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Secret Gardens

Glendale Community College student interns working behind the scenes are unearthing the hidden worlds of NHM’s Nature Gardens, plucking pollen from its greenery, tucking the fine powder under the Scanning Electron Microscope, and revealing the smallest bits of nature you’ve ever seen.

Matilija poppy Natural History Museum Nature Gardens
A Matilija poppy with crepe-paper-like petals, growing in NHM's Nature Gardens.

Published November 1, 2023

Jeremy Welch, a Glendale Community College student intern at NHM, is aiming for a career in environmental science. He is also a gardening enthusiast. So when Welch, along with another GCC intern, Katie Huguet Tuck, were invited to collect pollen from blossoming plants in the botanical showroom that is the museum's Nature Gardens, it was a welcome assignment.  “I mostly just walked around the gardens looking for native things that either I liked or were pretty, or were just kind of cool plants…California poppies, our state flower, common Yarrow, goldenrod.”

Collecting this essential ingredient of flora reproduction was part one of the assignment. Back in the lab, when they took the fine powder from each species of flower and delicately placed the material under the Museum’s Scanning Electron Microscope (SEM), another equally mesmerizing world emerged. SEMs have a more powerful magnification ability than traditional microscopes. Light microscopes use photons (particles of light) received by the human eye to let us see a magnified object, while SEMs employ electrons, negatively charged particles with short wavelengths interacting with the surface of that object, to create an image displayed on a computer screen; it can magnify much more than light microscopy can and expose very fine details.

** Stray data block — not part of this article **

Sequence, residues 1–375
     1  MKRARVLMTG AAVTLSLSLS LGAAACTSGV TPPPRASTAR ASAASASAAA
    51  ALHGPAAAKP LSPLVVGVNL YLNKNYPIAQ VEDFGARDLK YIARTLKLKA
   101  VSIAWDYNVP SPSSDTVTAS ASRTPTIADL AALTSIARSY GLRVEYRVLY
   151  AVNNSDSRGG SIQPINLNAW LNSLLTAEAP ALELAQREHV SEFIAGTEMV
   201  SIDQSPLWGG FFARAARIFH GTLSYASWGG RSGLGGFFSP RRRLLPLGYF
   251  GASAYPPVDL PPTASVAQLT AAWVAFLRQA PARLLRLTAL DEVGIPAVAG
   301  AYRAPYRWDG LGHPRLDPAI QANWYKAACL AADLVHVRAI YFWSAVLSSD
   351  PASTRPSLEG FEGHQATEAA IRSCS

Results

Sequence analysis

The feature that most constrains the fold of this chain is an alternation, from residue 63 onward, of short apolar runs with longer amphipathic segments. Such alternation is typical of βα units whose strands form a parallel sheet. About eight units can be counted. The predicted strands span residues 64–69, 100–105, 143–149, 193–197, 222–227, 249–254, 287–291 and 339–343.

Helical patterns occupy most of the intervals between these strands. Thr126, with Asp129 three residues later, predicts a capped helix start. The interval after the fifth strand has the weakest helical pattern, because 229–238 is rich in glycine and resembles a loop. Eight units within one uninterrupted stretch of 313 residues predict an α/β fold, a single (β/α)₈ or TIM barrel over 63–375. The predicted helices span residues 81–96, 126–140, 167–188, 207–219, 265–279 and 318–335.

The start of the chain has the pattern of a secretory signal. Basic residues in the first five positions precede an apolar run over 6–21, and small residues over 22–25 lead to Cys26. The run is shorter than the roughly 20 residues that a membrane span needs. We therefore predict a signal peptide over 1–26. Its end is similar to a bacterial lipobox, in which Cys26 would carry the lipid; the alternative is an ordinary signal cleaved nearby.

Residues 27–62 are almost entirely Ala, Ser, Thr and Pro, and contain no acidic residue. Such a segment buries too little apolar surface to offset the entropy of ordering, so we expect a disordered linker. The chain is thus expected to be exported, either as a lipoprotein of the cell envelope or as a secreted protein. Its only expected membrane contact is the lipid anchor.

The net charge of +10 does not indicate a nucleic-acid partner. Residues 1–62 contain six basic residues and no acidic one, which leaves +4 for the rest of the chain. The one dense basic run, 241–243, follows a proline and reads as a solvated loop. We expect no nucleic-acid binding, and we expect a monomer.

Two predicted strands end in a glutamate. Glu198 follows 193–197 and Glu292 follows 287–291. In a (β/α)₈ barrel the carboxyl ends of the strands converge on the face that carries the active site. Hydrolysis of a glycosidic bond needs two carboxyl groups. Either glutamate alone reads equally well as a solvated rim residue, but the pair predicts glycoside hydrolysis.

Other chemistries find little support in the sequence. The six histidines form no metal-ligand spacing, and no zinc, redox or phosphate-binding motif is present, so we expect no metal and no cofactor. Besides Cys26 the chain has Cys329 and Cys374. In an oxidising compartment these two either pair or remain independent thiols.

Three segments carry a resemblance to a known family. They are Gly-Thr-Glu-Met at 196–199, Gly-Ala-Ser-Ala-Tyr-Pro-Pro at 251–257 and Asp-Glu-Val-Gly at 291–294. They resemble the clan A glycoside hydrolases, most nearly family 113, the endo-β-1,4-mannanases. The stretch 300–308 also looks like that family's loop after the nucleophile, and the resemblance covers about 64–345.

Matilija poppy scan
Pollen from a Matilija poppy as seen under the Scanning Electron Microscope.

Dr. Jann Vendetti, NHM’s Associate Curator of Malacology, who co-created the internship program, is excited to offer opportunities for students to do science in this indoor-outdoor museum.

“The beautiful plants of the Nature Gardens hold additional wonders in the form of pollen that are too tiny for us to see,” she said. “The SEM opens up this world, allowing us to appreciate their marvelous shapes." Looking at the gray SEM scans of the pollen while at the museum recently, interns Huguet Tuck and Welch found those geometries to be wondrous.